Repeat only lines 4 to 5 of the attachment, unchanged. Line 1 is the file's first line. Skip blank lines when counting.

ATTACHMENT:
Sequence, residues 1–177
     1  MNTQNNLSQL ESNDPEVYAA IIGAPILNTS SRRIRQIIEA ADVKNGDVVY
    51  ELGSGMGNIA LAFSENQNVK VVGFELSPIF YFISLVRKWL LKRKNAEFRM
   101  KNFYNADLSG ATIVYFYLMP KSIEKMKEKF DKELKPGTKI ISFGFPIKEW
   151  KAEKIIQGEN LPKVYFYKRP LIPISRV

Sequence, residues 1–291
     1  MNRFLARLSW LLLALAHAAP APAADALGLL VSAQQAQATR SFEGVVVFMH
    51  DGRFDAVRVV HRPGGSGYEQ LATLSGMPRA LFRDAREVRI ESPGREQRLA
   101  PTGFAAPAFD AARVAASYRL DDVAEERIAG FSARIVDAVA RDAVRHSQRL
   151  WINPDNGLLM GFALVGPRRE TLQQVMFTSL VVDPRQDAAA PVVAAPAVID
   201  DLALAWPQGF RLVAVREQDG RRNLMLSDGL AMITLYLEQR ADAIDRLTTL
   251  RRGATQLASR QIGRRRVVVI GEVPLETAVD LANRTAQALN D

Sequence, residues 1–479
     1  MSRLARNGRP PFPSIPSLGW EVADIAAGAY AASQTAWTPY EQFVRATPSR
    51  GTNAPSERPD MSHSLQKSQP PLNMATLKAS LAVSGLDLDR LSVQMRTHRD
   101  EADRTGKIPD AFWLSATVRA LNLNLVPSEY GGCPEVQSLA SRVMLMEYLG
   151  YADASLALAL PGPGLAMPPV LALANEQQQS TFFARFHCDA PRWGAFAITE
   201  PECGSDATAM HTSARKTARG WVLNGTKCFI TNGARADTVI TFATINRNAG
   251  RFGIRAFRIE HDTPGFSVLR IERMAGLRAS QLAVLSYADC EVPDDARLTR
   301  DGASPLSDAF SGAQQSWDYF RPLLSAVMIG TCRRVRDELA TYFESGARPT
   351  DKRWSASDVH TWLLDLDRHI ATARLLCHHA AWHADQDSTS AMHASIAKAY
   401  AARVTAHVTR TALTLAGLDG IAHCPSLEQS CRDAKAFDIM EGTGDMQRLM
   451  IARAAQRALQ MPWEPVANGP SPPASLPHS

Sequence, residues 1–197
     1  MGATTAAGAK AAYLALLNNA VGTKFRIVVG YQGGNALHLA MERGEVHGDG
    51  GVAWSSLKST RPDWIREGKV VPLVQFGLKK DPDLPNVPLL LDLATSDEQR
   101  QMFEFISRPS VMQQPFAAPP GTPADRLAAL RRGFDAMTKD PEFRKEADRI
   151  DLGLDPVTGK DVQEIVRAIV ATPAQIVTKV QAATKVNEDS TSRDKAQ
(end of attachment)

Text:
   101  KNFYNADLSG ATIVYFYLMP KSIEKMKEKF DKELKPGTKI ISFGFPIKEW
   151  KAEKIIQGEN LPKVYFYKRP LIPISRV